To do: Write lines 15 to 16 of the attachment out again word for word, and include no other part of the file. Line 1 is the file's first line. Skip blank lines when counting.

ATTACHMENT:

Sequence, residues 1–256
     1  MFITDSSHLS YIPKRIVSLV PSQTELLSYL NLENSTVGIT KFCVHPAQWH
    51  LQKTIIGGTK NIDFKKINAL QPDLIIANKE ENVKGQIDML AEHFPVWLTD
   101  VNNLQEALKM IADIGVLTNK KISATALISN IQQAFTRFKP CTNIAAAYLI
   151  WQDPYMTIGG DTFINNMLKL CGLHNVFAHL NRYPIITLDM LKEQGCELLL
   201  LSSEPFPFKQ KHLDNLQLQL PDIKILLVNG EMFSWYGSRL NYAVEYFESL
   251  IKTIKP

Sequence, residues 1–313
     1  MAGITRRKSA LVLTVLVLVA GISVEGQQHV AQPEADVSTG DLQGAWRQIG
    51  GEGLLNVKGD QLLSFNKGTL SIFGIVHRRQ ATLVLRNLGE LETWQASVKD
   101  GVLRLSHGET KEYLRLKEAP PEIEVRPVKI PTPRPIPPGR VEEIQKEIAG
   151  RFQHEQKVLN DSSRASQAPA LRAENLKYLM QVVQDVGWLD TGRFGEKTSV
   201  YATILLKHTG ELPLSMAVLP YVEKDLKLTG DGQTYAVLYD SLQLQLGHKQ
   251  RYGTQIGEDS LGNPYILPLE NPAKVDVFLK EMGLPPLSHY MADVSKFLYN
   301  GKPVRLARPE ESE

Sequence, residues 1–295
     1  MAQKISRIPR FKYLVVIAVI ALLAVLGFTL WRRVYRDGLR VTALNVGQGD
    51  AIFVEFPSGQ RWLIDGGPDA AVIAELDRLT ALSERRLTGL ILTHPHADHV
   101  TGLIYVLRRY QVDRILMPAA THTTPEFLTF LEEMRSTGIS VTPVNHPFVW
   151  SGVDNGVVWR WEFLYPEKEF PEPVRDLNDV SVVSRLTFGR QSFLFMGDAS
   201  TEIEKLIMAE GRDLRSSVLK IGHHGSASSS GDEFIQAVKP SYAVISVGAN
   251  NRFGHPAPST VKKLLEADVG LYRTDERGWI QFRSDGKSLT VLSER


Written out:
   301  GKPVRLARPE ESE

Sequence, residues 1–295